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Targeted RNA-Sequencing Panel Detects Gene Fusions in Solid Tumors

By LabMedica International staff writers
Posted on 07 Dec 2021
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Image: The TruSight RNA Fusion Panel kit provides comprehensive gene fusion detection in formalin-fixed, paraffin-embedded (FFPE) and other cancer samples (Photo courtesy of Illumina)
Image: The TruSight RNA Fusion Panel kit provides comprehensive gene fusion detection in formalin-fixed, paraffin-embedded (FFPE) and other cancer samples (Photo courtesy of Illumina)
Increasingly, rearrangements resulting in gene fusions have been revealed in multiple tumor types across diverse organ systems. These gene fusions can drive tumorigenesis by altering gene expression and activity. Timely and reliable detection of fusions provides useful information to the pathologist and clinical team.

Molecular techniques, such as fluorescence in situ hybridization (FISH), reverse transcription PCR (RT-PCR), and Sanger and next-generation sequencing (NGS), have enabled discovery of characteristic fusions associated with particular tumors. With FISH and RT-PCR, the genes involved must be known or suspected, and usually only a few prioritized assays are run, due to cost and time limitations. These methods are not suitable for the identification of novel fusion partners.

Clinical Scientists at the Washington University School of Medicine (St. Louis, MO, USA) included 153 sarcoma and carcinoma cases submitted for FISH, RT-PCR, or DNA-based NGS testing during diagnostic workup between 2013 and 2019 that were identified retrospectively from their institutional database. Hematoxylin and eosin–stained slides and paraffin blocks were screened for adequate tissue (at least enough for a 1-mm punch, with ≥50% tumor cellularity in the punched area).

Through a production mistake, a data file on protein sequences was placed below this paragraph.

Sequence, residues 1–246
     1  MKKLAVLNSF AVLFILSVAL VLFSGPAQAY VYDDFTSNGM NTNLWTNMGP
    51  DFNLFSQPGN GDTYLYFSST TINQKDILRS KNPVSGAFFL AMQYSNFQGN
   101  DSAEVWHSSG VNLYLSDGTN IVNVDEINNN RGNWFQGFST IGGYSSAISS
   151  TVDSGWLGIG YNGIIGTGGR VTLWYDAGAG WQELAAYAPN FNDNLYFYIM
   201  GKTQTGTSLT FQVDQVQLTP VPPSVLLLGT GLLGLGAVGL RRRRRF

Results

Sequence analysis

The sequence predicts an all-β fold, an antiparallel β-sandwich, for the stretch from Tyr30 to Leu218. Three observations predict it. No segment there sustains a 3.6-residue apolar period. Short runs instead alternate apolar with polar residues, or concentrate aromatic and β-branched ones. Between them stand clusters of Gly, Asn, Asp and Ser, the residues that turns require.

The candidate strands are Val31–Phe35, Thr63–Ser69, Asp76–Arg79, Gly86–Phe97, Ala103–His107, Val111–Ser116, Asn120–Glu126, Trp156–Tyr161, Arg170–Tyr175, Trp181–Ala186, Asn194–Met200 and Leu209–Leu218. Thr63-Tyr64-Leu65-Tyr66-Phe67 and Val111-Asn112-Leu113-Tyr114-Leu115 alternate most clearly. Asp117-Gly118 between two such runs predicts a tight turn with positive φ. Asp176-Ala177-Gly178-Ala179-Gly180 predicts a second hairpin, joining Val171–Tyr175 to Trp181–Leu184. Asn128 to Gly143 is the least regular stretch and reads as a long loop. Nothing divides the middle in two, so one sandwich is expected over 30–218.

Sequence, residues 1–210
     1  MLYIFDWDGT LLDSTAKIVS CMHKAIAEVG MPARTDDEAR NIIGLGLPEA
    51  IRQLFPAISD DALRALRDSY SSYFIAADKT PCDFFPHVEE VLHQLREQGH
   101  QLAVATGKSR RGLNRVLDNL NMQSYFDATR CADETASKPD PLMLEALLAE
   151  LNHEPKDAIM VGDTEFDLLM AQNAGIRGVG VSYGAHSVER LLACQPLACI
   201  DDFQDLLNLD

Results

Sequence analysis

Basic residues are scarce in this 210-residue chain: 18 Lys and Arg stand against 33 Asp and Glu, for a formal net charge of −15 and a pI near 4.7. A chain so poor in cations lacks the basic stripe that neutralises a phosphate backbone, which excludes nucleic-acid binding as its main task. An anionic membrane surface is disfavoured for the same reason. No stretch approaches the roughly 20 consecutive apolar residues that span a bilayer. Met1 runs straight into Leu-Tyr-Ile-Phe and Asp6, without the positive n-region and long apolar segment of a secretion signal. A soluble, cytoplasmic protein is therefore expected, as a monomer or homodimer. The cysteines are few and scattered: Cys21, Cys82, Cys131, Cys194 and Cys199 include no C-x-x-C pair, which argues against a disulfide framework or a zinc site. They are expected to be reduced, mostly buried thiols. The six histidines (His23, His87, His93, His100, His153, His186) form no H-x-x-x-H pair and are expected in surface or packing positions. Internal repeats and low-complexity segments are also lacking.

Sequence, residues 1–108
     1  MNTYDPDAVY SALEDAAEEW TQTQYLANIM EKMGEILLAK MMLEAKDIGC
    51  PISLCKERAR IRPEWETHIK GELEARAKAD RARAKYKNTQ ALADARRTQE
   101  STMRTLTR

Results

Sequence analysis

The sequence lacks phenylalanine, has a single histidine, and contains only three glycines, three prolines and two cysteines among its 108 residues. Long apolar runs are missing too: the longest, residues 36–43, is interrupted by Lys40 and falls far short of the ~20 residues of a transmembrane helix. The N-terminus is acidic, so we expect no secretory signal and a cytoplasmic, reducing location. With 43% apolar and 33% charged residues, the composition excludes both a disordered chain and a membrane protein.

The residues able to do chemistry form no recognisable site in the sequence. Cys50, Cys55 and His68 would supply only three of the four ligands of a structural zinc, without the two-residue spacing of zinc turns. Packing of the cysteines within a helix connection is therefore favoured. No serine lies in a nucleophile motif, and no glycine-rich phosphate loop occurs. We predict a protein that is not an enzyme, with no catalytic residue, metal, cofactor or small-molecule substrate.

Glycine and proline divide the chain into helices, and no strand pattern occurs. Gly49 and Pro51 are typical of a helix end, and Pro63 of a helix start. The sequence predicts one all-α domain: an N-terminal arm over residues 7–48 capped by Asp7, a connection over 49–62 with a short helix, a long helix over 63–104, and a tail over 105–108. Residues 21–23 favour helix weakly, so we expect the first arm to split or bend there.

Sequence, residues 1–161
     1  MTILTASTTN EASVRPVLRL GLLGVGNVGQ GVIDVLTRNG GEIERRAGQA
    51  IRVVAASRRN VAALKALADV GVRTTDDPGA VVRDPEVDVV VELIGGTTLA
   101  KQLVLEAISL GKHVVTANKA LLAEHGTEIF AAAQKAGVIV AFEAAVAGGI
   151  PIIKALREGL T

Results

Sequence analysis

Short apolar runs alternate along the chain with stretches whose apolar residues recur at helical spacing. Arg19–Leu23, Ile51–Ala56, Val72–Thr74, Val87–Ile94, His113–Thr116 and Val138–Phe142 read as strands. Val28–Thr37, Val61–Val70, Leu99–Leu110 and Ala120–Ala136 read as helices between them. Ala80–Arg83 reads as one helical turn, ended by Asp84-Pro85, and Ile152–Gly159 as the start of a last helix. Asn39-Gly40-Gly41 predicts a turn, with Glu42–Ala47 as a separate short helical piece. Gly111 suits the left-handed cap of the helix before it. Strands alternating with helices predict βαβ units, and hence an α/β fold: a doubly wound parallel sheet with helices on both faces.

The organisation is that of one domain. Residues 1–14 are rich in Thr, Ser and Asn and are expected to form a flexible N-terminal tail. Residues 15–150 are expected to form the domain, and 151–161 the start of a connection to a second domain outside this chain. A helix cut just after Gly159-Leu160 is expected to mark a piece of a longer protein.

Deparaffinization and RNA extraction were performed using RecoverALL Total Nucleic Acid Isolation Kit for FFPE (Thermo Fisher Scientific, Waltham, MA). Quality of RNA and input amount were determined by Bioanalyzer (Agilent Technologies, Santa Clara, CA, USA), with DV200 values, per TruSight RNA Fusion Panel kit protocol (Illumina, San Diego, CA, USA). Library preparation was performed using the TruSight RNA Fusion Panel kit. Sequencing was performed on the Illumina MiSeq and NextSeq 550 systems, using paired-end (2 × 75 nucleotides) reads.

The team reported that a total of 138 cases were successfully sequenced with adequate quality control metrics (90%). There were 110 sarcomas, with 31 sarcomas not otherwise specified, 25 Ewing sarcomas, and 13 synovial sarcomas, among others. A total of 101 of 138 (73%) cases were concordant by RNA sequencing and the prior test method. RNA sequencing identified an additional 30 cases (22%) with fusions that were not detected by conventional methods. In seven cases (5%), the additional fusion information provided by RNA sequencing would have altered diagnosis and management. A total of 19 (14%) novel fusion pairs, not previously described in the literature, were discovered.

The authors concluded that fusion analysis is a beneficial ancillary test that provides significant clinical value to the pathologist and treatment team. Targeted RNA sequencing on FFPE tissue is one method that enables the sensitive detection of multiple potential fusion genes simultaneously. This test could be performed at the time of pathologic examination in biopsy or resection specimens to aid in accurate diagnosis and clinical management. The study was published on December 1, 2021 in the Journal of Molecular Diagnostics.

Related Links:
Washington University School of Medicine
Thermo Fisher Scientific
Agilent Technologies

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